By Daniel Trotta
(Reuters) – The New York City Police Department on Tuesday agreed to scale back its enforcement of street protests like those that erupted after the death of George Floyd in 2020, enacting a series of reforms including banning the tactic known as “kettling.”
Kettling involves creating a cordon of police officers to surround a crowd in order to control it. Critics say the tactic ensnares lawful protesters and innocent bystanders.
Police will also create a new senior executive role to oversee responses to demonstrations, allow the press more leeway to cover marches, and create a four-tiered response to protests designed to de-escalate conflict and prevent excessive use of force, according to a filing in U.S. District Court for the Southern District of New York.
The settlement resolves a lawsuit brought by New York Attorney General Letitia James, the Legal Aid Society and the New York Civil Liberties Union.
Those suits were filed in response to a raucous summer of protests in 2020 when police cracked down on demonstrations against police brutality and in favor of African American rights after Minneapolis police killed George Floyd on May 25, 2020. Similar protests rocked cities across the United Sates.
“Today’s settlement represents a novel approach to policing protests that, if implemented faithfully by the NYPD, will ensure that protesters are never again met with the sort of indiscriminate violence and retaliatory over-policing New York saw in the summer of 2020,” Legal Aid attorney Corey Stoughton said in the statement.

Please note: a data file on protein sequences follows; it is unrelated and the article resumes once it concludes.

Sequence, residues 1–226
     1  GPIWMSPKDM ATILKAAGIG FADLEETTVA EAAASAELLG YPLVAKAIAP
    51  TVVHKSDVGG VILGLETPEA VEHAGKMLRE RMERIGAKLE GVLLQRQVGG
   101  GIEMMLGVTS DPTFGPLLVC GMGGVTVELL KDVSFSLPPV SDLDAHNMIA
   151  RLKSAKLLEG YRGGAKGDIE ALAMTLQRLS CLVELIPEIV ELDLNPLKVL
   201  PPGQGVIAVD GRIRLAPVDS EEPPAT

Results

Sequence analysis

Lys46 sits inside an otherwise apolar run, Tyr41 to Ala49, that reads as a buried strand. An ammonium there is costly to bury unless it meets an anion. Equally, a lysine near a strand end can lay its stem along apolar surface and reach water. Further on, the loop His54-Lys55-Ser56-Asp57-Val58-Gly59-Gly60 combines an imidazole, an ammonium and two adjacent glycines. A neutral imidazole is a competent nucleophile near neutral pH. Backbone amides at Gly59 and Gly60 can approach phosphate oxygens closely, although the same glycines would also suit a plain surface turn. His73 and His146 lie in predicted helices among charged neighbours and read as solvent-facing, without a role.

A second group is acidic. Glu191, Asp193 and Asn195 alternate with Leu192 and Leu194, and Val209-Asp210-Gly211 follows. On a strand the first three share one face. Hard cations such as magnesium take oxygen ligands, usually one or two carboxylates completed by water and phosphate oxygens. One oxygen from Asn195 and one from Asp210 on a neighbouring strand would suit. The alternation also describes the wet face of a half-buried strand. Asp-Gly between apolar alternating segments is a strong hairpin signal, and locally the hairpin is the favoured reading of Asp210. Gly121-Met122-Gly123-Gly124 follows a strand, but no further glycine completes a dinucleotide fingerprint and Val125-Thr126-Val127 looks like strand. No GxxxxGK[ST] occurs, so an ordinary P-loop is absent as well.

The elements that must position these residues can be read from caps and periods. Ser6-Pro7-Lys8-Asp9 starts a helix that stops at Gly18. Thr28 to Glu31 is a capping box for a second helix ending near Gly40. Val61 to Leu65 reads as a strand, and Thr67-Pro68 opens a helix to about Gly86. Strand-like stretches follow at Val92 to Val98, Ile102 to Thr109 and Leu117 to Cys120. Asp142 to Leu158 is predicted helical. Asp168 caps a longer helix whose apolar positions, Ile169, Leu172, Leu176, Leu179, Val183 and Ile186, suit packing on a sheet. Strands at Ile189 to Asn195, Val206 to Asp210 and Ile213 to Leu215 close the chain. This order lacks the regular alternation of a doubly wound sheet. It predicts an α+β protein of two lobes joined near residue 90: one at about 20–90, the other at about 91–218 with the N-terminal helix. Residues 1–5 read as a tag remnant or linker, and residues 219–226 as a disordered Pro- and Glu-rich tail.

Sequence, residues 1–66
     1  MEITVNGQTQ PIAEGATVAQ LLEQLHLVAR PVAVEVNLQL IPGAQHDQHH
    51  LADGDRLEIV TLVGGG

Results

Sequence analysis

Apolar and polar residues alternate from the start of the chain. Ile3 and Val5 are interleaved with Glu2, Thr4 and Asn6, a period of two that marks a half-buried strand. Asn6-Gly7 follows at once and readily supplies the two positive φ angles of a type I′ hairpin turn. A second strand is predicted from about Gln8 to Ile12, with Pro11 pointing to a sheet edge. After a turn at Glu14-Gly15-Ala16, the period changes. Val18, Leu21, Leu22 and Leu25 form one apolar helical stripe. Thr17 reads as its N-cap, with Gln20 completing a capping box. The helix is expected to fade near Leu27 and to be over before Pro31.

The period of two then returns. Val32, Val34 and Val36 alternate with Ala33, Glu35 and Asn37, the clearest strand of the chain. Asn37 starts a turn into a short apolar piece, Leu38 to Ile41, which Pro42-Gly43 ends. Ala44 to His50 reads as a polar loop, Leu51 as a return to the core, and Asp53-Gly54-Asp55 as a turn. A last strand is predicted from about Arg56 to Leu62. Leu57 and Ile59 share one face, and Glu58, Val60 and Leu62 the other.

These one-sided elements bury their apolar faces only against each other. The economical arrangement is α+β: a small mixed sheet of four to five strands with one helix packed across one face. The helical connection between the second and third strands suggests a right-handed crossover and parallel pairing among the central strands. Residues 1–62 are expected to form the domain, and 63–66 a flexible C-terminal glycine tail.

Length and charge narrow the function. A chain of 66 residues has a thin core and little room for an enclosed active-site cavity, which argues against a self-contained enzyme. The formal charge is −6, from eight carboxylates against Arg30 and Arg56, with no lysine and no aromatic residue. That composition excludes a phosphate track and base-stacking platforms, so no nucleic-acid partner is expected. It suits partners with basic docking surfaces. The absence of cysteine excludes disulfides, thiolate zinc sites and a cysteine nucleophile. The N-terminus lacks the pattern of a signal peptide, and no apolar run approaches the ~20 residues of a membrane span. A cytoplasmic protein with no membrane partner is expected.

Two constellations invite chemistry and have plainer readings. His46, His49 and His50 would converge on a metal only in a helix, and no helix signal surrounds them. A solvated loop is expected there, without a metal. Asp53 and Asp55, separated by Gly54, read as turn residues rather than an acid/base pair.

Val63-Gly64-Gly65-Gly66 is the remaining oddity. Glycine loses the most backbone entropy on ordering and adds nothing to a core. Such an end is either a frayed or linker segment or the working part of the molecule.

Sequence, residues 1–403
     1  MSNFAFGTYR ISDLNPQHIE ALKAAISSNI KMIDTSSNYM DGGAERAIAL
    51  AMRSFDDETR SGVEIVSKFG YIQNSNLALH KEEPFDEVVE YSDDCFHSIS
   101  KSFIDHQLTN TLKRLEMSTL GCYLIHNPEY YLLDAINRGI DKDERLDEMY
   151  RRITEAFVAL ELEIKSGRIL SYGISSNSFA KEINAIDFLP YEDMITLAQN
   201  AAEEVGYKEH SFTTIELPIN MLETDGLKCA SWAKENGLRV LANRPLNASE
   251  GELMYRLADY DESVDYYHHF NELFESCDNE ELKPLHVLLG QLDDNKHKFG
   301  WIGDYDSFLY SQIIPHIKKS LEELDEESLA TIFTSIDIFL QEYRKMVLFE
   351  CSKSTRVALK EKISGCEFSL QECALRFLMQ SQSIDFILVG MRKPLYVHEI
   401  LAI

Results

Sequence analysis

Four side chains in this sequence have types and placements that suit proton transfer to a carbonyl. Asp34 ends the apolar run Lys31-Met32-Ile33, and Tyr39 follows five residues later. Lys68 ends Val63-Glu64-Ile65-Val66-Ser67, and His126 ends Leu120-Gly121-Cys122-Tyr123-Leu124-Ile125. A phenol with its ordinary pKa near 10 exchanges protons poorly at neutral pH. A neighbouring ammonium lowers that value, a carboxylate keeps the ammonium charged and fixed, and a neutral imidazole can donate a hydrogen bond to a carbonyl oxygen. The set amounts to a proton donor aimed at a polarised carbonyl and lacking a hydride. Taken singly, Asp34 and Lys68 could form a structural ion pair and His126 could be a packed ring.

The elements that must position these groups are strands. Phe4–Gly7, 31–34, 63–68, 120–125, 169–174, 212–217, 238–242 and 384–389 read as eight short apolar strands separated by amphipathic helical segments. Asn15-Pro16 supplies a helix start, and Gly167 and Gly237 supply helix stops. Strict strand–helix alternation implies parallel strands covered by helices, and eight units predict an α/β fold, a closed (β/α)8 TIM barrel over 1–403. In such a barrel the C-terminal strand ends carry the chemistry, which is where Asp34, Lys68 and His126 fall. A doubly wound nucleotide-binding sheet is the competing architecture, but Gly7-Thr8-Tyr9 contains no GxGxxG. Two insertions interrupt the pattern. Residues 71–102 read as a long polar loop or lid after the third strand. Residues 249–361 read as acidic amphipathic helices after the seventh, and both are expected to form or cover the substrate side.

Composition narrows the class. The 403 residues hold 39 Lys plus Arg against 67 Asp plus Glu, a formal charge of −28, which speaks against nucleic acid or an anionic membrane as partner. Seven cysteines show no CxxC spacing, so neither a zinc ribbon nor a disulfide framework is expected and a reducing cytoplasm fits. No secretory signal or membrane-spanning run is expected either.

The NYPD did not immediately respond to a request for comment.
The agreement reforms police policy on encircling protesters who are inadvertently or mistakenly caught up in a detention, enabling them to leave the scene, and it bans “kettling,” which the settlement describes as enclosing on targeted individuals without having probable cause to detain them.
The four-tiered response protocol starts with Tier One, when a police community affairs liaison is sent to facilitate the protest, and can escalate to Tier Four, when an incident commander can disperse a crowd if there is widespread criminal conduct.
(Reporting by Daniel Trotta; Editing by Leslie Adler)